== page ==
Rare Daily Staff
Biogen reported new research supporting the continued development of an experimental higher dose of Spinraza and additional data reinforcing the strength of Spinraza’s clinical profile in improving the lives of individuals with spinal muscular atrophy over the long term.
These data are being presented at the virtual Cure SMA Research & Clinical Care Meeting taking place June 9-11, 2021.
“The data we are presenting at Cure SMA 2021 demonstrate the long-term benefits with Spinraza as individuals age. Additionally, a new analysis provides further support for the potential for a higher dose of Spinraza to offer even greater improvements in motor function for SMA patients,” said Alfred Sandrock, head of research and development at Biogen.
SMA is a rare, genetic, neuromuscular disease characterized by a loss of motor neurons in the spinal cord and lower brain stem, resulting in progressive muscle atrophy and weakness. SMA is caused by a deficiency in the production of survival motor neuron (SMN) protein due to a damaged or missing SMN1 gene, with a spectrum of disease severity. Some individuals with SMA may never sit; some sit but never walk; and some walk but may lose that ability over time. In the absence of treatment, children with the most severe form of SMA would not be expected to reach their second birthday. SMA impacts approximately one in 11,000 live births in the United States and is a leading cause of genetic death among infants.
Spinraza is approved to treat infants, children and adults with SMA and is available in more than 50 countries. It is an antisense oligonucleotide that targets the root cause of SMA by continuously increasing the amount of full-length survival motor neuron (SMN) protein produced in the body. It is administered directly into the central nervous system, where motor neurons reside, to deliver treatment where the disease starts.
An analysis of data from the phase 2 CS3A and phase 3 ENDEAR studies in children with infantile-onset SMA used pharmacokinetic (PK)/pharmacodynamic (PD) modelling to predict the potential efficacy of an experimental higher dose regimen of Spinraza, which suggests that a higher dose may lead to a clinically meaningful increase in the CHOP INTEND (Children’s Hospital of Philadelphia Infant Test of Neuromuscular Disorders) score beyond that already observed with the 12 mg approved dose. These findings further reinforce the scientific rationale for the evaluation of a higher dose of Spinraza in the ongoing DEVOTE study, an ongoing trial evaluating the safety, tolerability, and potential for even greater efficacy of a higher dose administration that the currently approved dose. It is a three-part study that includes an open-label safety evaluation cohort (Part A), a pivotal, double-blind, randomized, active-controlled treatment cohort (Part B), and an open-label cohort of patients transitioning from the approved 12 mg dosing regimen of SPINRAZA to the higher dose regimen (Part C).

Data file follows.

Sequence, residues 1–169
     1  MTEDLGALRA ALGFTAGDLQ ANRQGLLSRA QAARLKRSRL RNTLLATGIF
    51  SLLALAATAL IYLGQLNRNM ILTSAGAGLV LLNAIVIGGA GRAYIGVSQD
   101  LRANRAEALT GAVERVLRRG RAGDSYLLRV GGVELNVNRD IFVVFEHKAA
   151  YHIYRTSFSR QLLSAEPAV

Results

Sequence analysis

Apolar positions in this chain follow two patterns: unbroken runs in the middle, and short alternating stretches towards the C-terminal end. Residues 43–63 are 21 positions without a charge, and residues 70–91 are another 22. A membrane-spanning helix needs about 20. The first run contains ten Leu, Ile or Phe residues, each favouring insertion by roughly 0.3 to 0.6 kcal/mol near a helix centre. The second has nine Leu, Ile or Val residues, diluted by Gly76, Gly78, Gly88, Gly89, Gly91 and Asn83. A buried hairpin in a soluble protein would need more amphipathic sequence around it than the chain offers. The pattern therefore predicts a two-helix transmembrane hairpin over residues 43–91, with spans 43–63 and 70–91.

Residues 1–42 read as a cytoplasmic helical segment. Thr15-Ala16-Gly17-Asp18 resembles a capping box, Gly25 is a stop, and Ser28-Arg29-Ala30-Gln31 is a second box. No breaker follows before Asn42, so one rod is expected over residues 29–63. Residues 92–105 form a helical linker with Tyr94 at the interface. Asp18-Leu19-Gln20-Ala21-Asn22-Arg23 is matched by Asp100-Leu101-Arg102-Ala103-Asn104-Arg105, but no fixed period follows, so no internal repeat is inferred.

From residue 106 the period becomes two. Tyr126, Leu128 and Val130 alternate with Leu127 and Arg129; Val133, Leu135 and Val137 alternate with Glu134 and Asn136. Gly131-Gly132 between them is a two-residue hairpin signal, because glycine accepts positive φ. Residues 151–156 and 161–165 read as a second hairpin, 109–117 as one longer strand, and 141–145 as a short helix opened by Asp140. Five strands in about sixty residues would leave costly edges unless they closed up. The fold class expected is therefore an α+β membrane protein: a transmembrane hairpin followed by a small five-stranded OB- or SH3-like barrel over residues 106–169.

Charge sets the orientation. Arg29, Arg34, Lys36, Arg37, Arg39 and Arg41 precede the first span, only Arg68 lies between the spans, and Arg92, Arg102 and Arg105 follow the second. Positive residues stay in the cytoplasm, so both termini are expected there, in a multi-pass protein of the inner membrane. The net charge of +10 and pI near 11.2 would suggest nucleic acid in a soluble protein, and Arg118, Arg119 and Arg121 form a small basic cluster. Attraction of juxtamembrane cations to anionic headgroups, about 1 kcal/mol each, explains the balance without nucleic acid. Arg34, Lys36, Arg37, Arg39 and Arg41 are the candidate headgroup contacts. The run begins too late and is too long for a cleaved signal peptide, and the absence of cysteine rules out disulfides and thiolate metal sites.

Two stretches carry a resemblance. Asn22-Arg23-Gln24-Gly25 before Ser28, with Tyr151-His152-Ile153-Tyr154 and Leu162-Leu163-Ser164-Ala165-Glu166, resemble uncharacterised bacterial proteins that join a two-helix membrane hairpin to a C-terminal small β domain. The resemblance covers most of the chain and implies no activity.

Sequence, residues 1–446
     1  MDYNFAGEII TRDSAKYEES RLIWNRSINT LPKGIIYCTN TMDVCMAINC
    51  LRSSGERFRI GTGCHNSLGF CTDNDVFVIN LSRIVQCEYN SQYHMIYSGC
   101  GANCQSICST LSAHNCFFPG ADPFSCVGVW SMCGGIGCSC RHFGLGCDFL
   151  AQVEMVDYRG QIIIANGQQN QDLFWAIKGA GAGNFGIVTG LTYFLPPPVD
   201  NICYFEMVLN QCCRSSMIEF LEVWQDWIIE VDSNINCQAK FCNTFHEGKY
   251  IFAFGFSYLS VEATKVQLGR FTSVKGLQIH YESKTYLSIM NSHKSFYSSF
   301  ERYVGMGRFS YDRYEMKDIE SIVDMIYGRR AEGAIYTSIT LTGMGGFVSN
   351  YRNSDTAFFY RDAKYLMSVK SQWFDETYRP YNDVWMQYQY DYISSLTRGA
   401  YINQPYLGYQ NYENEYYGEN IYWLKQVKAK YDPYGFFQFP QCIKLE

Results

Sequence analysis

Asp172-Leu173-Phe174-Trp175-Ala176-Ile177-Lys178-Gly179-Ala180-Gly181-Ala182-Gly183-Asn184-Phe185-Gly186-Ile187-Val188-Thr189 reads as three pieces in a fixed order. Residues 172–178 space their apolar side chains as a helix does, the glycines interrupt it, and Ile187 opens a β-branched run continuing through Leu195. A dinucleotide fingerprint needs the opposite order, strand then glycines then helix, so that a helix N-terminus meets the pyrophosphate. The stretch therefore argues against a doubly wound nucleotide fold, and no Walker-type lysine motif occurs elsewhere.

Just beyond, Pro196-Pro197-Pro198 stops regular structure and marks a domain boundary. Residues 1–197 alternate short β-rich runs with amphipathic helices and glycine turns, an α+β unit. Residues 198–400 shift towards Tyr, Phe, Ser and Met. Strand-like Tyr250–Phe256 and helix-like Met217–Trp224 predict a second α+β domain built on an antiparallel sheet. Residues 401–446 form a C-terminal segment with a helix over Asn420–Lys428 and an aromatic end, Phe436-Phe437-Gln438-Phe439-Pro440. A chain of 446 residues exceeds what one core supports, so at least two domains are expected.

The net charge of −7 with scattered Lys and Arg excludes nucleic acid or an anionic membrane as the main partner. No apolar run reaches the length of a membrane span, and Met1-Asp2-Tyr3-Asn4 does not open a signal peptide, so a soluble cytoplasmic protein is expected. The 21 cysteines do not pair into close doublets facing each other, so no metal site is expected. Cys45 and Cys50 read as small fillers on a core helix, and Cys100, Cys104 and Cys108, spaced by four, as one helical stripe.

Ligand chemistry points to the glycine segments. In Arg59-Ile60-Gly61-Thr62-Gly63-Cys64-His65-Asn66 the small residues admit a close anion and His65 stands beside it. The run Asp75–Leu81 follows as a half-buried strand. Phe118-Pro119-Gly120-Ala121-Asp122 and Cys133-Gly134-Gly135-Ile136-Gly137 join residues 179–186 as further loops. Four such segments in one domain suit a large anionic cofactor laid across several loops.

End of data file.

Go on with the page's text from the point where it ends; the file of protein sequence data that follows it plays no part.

Safety data from Part A (n=6; 28 mg) support continued development of a higher dose of Spinraza and an updated analysis presented at the meeting includes data collected up to 10 months. Enrollment in the pivotal Part B of DEVOTE is ongoing and will evaluate a higher-dose regimen (two loading doses of 50 mg 14 days apart followed by 28 mg maintenance doses every four months) compared to the currently approved dosing regimen for Spinraza.
An analysis of data from the NURTURE study (n=25) shows 92 percent of patients who initiated SPINRAZA treatment as pre-symptomatic infants maintained the ability to swallow after a median of 3.8 years. This is in contrast with the natural history of SMA where impaired swallowing is expected for people with 2 or 3 SMN2 copies and can lead to an increased risk of aspiration pneumonia, choking and failure to thrive. In this analysis, NURTURE study participants were consistently rated by their caregiver as, on average, never to rarely experienced difficulty for the majority of measures related to general feeding, drinking liquids and eating solid foods. Additionally, all participants with 3 SMN2 copies and 73 percent (11 of 15) of participants with 2 SMN2 copies were reported by their caregiver as being fed exclusively by mouth.
In addition, post-hoc data from the open-label CS2-CS12 and SHINE extension studies indicate children and teens with later-onset SMA (n=14) showed improvement in walking distance over five years of SPINRAZA treatment and stabilization in fatigue.